If people in need of help feel they will be labeled as “weak” or “damaged,” then they will be less likely to seek the help they need.   

Not seeking help can have disastrous effects. These statistics and these statistics also are based on the U.S. population:

·         About 6 out of every 100 people (or 6% of the population) will develop PTSD at some point during their life

·         About 8 of every 100 women (or 8%) develop PTSD sometime in their lives compared with about 4 of every 100 men (or 4%)

·         Among people who have had a diagnosis of PTSD in their lifetime, approximately 27% have also attempted suicide

·         Women with post-traumatic stress disorder (PTSD) are nearly seven times more likely than other women to die by suicide

·         The average time between PTSD diagnosis and suicide was less than two and a half years 

The bottom line is that PTSD symptoms are hard enough without blaming a survivor; this is cruel and unnecessary.

What rumors about PTSD have affected you? How did you overcome them? We value your feedback and ideas! Reach out on our Community Facebook Page!

*****

If you believe change is possible, you want to change, and you are willing to do the work, you absolutely CAN get your life back.”

Get your copy of The Soldier's Guide to PTSDThe Soldier's Workbook

or Acknowledge & Heal, A Women's-Focused Guide to PTSD

Friday, September 16, 2022

Compassion Fatigue


Compassion Fatigue
was coined by Charles Figley in the 1980s and refers to a set of negative psychological symptoms that caregivers experience in the course of their work while being exposed to direct traumatic events or through secondary trauma. 

Compassion fatigue is an erosive process, not attributed to a single exposure to trauma. It is the result of ongoing, repeated exposure to traumatic situations, whether direct or indirect. Over time, the act of providing care in the context of human suffering and trauma wears down the individual's psychological resilience, leaving the care worker in a combined state of burnout that leads to more serious mental health conditions such PTSD, anxiety or depression.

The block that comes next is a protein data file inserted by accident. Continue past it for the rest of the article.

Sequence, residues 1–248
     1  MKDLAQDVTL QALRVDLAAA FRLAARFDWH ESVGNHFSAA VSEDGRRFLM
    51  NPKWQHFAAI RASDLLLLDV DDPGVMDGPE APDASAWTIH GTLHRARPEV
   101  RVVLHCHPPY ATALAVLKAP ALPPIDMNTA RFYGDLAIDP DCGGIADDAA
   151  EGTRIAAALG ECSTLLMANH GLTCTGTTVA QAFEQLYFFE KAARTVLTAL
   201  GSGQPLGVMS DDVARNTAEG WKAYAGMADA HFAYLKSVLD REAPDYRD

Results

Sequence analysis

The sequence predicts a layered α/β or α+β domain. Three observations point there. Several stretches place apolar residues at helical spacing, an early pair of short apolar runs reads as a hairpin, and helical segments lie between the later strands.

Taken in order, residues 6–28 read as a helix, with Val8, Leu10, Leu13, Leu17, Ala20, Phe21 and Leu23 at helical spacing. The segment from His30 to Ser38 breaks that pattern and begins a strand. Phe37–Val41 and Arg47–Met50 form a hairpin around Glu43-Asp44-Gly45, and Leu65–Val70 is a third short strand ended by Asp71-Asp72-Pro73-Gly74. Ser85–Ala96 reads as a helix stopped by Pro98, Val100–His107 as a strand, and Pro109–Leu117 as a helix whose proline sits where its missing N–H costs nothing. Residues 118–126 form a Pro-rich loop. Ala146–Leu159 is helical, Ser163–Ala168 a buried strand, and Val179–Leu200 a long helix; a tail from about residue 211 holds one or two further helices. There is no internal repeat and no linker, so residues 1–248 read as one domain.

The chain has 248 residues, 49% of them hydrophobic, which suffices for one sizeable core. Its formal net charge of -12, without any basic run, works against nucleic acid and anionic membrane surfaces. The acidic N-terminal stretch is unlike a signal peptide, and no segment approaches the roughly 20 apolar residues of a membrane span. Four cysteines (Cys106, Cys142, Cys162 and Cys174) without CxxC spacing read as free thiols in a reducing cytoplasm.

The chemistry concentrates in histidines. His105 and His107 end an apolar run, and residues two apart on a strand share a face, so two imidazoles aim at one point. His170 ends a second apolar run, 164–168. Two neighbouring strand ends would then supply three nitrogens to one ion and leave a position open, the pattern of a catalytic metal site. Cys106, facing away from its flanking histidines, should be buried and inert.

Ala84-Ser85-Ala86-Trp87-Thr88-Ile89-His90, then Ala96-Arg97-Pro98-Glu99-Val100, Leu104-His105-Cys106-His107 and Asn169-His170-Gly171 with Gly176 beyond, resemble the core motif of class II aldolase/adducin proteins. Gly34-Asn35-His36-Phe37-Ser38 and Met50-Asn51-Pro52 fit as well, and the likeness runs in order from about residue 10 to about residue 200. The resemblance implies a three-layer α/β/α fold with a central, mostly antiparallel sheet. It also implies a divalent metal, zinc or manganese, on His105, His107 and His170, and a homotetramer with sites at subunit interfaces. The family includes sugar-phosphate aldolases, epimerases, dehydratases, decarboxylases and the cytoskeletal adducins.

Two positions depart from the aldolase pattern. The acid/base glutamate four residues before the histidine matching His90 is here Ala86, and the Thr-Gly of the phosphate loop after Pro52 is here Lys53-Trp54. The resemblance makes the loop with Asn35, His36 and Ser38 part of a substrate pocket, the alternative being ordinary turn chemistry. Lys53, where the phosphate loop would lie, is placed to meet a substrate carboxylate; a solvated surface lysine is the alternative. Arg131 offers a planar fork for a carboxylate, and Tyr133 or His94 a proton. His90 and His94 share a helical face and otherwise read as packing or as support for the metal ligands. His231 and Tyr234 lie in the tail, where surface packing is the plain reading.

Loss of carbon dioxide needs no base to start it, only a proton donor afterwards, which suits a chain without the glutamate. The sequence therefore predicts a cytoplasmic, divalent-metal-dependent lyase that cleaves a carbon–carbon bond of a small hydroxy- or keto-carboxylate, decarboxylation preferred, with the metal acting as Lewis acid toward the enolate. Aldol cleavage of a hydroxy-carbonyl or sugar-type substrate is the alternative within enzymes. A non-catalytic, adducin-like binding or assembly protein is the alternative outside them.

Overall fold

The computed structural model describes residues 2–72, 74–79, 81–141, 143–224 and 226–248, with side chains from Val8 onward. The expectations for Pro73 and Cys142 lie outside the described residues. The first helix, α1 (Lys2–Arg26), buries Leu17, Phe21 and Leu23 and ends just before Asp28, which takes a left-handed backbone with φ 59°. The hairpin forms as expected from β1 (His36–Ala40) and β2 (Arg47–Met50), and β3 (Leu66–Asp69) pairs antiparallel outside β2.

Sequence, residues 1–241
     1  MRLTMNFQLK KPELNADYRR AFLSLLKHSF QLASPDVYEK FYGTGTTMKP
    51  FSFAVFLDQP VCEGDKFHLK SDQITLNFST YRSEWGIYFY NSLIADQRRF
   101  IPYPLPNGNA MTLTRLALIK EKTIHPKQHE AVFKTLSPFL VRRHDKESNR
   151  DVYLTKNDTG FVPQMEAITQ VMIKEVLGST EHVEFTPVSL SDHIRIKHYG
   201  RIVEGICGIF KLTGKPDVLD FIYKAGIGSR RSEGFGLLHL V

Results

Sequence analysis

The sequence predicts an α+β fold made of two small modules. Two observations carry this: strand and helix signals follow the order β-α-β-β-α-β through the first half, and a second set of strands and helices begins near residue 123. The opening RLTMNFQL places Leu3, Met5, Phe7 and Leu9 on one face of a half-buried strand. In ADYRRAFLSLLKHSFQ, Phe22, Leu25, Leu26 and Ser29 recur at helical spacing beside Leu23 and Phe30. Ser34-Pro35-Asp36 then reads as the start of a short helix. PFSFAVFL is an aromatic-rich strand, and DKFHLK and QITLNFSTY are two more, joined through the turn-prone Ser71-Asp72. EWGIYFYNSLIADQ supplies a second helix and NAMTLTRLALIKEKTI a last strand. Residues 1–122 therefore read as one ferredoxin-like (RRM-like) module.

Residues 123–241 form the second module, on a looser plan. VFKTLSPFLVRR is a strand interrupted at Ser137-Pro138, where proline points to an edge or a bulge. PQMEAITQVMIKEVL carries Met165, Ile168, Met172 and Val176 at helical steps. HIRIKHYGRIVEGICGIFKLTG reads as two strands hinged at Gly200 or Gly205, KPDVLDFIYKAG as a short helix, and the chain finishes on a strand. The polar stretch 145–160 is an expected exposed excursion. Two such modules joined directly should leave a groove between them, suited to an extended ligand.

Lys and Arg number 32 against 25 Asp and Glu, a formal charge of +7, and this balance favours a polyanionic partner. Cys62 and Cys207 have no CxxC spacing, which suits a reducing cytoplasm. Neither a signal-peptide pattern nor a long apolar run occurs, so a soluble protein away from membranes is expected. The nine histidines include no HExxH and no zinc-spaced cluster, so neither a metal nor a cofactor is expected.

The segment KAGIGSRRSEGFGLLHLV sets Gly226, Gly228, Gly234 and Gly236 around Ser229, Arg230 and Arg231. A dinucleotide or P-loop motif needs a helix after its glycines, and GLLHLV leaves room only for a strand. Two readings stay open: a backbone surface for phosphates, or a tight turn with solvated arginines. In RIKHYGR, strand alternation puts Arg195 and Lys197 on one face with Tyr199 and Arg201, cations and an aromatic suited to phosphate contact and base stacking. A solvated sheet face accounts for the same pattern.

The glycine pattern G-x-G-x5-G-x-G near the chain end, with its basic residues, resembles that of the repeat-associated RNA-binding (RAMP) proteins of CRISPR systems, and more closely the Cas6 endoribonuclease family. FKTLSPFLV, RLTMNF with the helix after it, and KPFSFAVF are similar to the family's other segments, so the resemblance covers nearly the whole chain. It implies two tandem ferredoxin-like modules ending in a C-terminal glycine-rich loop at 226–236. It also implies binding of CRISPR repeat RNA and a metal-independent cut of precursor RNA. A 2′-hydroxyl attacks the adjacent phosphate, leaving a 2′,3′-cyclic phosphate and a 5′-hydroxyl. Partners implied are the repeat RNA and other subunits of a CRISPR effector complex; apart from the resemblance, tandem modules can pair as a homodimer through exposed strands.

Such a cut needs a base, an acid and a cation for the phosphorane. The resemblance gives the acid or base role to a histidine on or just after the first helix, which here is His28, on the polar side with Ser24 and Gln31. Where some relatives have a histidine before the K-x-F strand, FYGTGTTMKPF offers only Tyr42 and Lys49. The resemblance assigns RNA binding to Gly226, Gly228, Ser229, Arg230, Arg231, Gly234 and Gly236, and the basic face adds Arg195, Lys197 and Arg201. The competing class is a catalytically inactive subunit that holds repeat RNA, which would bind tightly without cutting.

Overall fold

Essentially, the continuous exposure to the trauma of others may lead care work professionals to manifest the same or similar symptoms as the trauma survivors they have helped. 

This places many occupations such as law enforcement, first responders, healthcare professionals, teachers, and community service workers right in the crosshairs if they have the risk factors to be affected by it. Between 40% and 85% of helping professionals develop vicarious trauma, compassion fatigue and/or high rates of traumatic symptoms, according to compassion fatigue expert Francoise Mathieu. 

During a TED Talk in 2017, Patricia Smith, the founder of the Compassion Fatigue Awareness project, had this to say,

“Caregivers are not good at asking for help. Asking for help is hard, no matter who you are. For nurses, doctors, teachers and more, the idea of leaving work can seem like an impossibility. You may feel guilty or that you are abandoning your patients or students. But if you are struggling with drug or alcohol use, you need help too. Your clients, patients and students will be happy for you.” 

With that in mind, try to be aware of signs of compassion fatigue and seek help. 

How do you handle compassion fatigue? We value your feedback and ideas! Reach out on our Community Facebook Page!

*****

If you believe change is possible, you want to change, and you are willing to do the work, you absolutely CAN get your life back.”

Get your copy of The Soldier's Guide to PTSDThe Soldier's Workbook

or Acknowledge & Heal, A Women's-Focused Guide to PTSD

Sunday, September 11, 2022

The 11th: Buddy Check Day


 The 11th day of each month is Buddy Check Day reminding us to check in with other veterans. By getting in touch with others, we can enjoy camaraderie, check on each other’s well-being, and maybe even connect another veteran with a service they can use.

Buddy Check can be as simple as picking up the phone, talking, texting, or visiting.